This article will cover on the premises of value that shall be considered while valuing an asset or a liability, as per the valuation standards issued by the Valuation Standard Board of the ICAI.
The ICAI Valuation Standard -101 (IVS-101) defines premise of value to be the conditions and circumstances how an asset is deployed. It’s a kind of assumption or a statement regarding the most likely set of transactional circumstances that may be applicable to the subject valuation. In common parlance, premise of value refers to an assumption or a statement, based on which a study is undertaken.
As stated that the premise of value is a kind of assumption regarding the most likely set of transactional circumstances that may be applicable to the subject valuation. Thus, the premise of value is a critical step for selecting the right approach to compute the fair value of any asset/liability. It’s the premise of value which helps the valuer to determine what approach he should use to compute the value of asset/liability.
The ICAI Valuation Standard -102 (IVS-102)
identifies some of the following common premise of value which are as under : –
a) Highest and Best Use (HABU)
b) Going Concern Value
c) As-is – where- is Value
d) Orderly Liquidation
e) Forced Transaction
4. Use of premise of value: A valuer may use either, or more than one, of the given below premises for the purposes of valuation depending on the circumstances : –
a. Highest and Best Use: The Highest and Best Use (HABU) is generally used for a non-financial asset. As per the premise, the value of an asset is the value when used by a market participant who puts the asset to its maximum use. It may or may not be the use by the current owner, or the intended use by the prospective buyer. However, the current use of an asset is presumed to be at its HABU, unless a market or other factor proves to the contrary. If the current use is not at its HABU, the value shall also consider the cost of conversion required to put the asset from its current position to its HABU.
The HABU of an asset should be the one that is physically possible, legally permissible and financially feasible. The value is determined based on the price that a market participant would be willing to pay to buy it who derives the maximum value, either on a standalone basis, or in combination with a group of assets or with assets and liabilities. Utility and Substitution of the asset determines the HABU of the asset. The price would depend on the utility that can be derived from the property as well as on the price at which an asset with the similar utility is sold. For e.g. a space is vacant and available for occupancy, either for residential or commercial purposes. It is generally understood that leasing for commercial purpose generates more revenue than for residential purpose. Hence, though, there may not be offers to take the space on lease for commercial use, the value based on HABU would consider the income that would be generated on a commercial lease.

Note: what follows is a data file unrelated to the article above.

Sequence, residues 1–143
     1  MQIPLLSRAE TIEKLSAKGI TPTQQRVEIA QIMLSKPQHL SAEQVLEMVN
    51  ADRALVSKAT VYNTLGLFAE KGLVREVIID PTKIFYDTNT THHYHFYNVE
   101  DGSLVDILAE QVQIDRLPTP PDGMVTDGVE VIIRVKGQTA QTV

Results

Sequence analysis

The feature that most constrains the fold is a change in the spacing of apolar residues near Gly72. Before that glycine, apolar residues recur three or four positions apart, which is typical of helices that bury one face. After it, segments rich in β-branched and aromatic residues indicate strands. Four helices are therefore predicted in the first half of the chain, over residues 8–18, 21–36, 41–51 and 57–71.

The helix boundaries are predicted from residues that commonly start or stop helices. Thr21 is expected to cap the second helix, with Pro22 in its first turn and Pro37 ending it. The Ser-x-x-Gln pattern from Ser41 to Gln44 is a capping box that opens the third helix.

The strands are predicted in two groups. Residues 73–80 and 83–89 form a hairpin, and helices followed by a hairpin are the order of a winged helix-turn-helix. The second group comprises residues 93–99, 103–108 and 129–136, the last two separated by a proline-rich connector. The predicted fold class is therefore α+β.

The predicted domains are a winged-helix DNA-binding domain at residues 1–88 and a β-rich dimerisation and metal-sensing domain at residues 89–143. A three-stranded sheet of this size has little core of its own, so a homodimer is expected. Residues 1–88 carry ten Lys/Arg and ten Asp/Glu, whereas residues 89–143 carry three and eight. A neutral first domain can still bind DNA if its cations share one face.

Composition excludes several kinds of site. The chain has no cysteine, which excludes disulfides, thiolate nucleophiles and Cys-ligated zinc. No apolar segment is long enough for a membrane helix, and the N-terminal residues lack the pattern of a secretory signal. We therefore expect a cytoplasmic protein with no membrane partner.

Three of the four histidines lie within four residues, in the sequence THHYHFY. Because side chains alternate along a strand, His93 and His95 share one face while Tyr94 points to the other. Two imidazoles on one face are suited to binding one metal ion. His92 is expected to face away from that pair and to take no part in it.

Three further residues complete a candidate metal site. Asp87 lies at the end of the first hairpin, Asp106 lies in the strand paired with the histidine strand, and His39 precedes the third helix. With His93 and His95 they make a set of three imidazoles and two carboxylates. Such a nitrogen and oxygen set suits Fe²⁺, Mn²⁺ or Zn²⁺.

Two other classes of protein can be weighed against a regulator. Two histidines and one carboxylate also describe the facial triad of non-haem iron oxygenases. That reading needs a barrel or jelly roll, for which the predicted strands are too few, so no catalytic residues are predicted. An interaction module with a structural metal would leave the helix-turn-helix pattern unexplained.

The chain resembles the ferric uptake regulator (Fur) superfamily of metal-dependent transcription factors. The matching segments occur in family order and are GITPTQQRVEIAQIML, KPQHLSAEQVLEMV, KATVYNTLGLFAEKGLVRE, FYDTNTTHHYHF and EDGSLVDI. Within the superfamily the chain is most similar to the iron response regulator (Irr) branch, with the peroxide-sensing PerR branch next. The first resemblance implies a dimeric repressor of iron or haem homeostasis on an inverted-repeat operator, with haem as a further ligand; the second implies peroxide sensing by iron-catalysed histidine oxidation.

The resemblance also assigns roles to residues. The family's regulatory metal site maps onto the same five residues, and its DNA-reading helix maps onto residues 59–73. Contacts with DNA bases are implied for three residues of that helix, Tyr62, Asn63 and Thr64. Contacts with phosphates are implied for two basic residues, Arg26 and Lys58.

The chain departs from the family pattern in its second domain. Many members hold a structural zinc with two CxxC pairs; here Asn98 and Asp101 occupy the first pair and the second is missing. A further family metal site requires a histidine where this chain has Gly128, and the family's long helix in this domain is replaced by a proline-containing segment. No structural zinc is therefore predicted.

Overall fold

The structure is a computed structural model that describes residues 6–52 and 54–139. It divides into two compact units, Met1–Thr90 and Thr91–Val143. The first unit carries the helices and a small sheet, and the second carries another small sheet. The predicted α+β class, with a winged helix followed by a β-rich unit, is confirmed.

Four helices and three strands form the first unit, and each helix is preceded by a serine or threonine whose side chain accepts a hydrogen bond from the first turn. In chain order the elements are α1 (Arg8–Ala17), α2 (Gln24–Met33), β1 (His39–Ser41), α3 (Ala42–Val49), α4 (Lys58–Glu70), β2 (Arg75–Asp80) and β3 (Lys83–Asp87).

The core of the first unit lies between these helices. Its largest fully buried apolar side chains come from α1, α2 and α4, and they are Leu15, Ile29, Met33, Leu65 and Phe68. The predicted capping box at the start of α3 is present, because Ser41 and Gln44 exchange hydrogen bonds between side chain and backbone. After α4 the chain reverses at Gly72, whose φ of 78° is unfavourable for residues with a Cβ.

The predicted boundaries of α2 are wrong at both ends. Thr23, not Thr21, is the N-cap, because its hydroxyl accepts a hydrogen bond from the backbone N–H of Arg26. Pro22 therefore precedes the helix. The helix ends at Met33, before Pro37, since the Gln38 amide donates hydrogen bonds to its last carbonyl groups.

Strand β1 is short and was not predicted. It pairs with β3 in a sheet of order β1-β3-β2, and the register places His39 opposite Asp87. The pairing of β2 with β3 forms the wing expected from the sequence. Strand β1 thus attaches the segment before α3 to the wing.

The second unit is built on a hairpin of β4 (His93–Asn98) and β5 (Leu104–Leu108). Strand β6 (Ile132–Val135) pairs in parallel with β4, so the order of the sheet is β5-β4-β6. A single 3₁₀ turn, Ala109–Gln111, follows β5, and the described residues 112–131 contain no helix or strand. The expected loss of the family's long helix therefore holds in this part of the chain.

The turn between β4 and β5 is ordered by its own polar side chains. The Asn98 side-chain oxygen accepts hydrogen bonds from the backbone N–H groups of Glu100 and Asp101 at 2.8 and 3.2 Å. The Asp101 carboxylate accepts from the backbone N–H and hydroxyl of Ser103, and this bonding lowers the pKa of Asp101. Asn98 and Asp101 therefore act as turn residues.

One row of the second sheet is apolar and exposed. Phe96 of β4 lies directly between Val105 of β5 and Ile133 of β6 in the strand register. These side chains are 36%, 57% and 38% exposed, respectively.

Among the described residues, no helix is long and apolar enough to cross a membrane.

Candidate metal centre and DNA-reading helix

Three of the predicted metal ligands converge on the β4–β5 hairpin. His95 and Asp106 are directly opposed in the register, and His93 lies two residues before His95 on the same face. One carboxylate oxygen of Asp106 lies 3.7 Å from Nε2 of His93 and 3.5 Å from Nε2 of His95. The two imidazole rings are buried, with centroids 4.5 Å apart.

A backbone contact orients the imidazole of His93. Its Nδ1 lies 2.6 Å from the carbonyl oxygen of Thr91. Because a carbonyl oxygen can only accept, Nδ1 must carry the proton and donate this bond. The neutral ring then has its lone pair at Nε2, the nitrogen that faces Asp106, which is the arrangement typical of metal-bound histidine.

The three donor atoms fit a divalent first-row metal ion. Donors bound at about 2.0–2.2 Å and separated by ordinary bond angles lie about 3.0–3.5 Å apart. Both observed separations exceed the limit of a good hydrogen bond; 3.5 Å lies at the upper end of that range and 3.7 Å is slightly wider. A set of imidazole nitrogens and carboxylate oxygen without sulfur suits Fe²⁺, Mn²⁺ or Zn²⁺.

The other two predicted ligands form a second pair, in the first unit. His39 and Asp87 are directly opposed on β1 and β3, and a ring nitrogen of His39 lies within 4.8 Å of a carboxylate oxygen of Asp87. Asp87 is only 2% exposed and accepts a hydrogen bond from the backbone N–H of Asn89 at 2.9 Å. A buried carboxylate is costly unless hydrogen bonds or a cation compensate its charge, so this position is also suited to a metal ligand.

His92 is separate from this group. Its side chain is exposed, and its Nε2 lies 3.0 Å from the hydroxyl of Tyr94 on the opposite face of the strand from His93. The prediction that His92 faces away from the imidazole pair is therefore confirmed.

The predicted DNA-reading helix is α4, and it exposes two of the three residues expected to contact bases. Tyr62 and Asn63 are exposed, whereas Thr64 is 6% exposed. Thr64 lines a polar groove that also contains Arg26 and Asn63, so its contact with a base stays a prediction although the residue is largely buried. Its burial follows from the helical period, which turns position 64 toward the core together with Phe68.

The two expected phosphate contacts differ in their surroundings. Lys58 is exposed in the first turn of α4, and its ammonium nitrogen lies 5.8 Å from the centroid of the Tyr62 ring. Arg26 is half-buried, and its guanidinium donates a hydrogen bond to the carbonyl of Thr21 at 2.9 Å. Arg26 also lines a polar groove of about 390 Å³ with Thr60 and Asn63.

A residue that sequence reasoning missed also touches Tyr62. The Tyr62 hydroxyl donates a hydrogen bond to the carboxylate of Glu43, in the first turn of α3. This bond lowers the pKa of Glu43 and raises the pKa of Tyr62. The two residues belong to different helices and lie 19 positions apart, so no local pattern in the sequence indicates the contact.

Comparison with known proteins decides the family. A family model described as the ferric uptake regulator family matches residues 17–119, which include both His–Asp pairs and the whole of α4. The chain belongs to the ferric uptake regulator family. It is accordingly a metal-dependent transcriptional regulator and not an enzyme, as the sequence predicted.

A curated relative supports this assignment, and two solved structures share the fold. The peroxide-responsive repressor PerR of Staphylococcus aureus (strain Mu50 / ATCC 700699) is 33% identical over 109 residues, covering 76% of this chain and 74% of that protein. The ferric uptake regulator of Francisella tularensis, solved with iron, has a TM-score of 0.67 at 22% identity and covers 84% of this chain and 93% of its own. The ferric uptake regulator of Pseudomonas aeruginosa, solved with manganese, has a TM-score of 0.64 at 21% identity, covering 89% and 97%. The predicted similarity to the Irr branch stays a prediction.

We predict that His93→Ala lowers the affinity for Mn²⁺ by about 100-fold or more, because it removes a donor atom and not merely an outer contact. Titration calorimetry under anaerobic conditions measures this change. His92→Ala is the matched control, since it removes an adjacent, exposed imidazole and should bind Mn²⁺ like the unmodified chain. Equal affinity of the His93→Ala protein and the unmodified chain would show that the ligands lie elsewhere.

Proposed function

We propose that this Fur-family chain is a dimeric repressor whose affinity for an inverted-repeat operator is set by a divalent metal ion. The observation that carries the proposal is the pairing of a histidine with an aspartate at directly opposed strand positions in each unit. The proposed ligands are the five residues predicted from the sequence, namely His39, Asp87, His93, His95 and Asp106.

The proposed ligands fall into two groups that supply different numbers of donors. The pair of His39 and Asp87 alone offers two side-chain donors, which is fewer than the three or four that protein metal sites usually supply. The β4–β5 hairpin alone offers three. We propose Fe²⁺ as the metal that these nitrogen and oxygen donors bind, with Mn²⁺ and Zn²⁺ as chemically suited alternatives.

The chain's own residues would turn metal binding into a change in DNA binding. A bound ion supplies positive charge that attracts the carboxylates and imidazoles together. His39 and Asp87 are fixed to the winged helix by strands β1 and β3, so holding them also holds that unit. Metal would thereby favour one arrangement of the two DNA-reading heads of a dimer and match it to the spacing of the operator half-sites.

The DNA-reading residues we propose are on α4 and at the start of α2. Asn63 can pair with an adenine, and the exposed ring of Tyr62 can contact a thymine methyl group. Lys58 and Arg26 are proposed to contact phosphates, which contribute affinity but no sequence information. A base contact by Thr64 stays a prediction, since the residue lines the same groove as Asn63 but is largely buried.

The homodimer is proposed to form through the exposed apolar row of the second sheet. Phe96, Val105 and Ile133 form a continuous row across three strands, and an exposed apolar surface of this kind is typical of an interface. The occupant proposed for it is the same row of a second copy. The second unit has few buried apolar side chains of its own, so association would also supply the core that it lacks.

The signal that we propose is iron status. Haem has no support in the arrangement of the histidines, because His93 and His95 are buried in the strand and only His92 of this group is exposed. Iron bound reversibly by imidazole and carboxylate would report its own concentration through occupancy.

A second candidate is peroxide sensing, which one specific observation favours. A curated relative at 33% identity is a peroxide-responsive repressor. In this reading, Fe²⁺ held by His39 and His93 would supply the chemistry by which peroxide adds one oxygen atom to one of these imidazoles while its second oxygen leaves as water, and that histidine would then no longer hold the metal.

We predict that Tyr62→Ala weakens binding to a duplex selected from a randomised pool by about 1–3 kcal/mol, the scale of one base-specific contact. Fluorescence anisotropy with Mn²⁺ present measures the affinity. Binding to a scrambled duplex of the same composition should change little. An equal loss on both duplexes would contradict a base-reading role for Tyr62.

Note: A non-financial asset refers to an asset that is not traded on the financial markets, and its value is derived from its physical characteristics rather than from contractual claims. Examples of non-financial assets include tangible assets, such as land, buildings, motor vehicles, and equipment, as well as intangible assets, such as patents, goodwill, and intellectual property
b. Going Concern Value: Going Concern Value is the value of an enterprise which is expected to continue its operations and not liquidates in the near future. The value apart from the tangible assets also includes intangible assets such as Goodwill due to the trained workforce, the presence of an operational plant, necessary licenses, marketing systems, procedures in place, etc.
c. As-is-where-is value: As-is-where-is value is represents the existing use of the This may or may not be an HABU of the asset. This may be used in a valuation for the purposes of Financial Reporting.
d. Orderly Liquidation : An orderly liquidation refers to the realisable value of an asset in the event of a liquidation after allowing appropriate marketing efforts and a reasonable period of time to market the asset on an as-is, where-is basis. What is a reasonable period of time may vary depending on the asset type, market conditions, etc.
e. Forced Transaction: Sometimes, an owner of the asset may be under a compulsion to sell the asset within a limited period of time, as a result of which, he may not fetch its true value. Thus, it refers to a transaction in which the seller is forced to sell an asset without adequate marketing efforts or reasonable period of time to market the asset. A marketing constraint is not a forced sale. Sale in an inactive market also cannot be construed as a forced transaction. The limitation should be on the time required for marketing the product and sell it at reasonable price. A typical example of a forced transaction would be an auction.
5. Conclusion: The premise of value shall reflect the facts and circumstances underlying the asset to be valued and the purpose of valuation. The premise will have an impact on the other factors of valuation such as Valuation bases, approaches, methodology, etc. The premise of value shall be mutually agreed by the valuer and the client and shall also be documented as part of the engagement letter.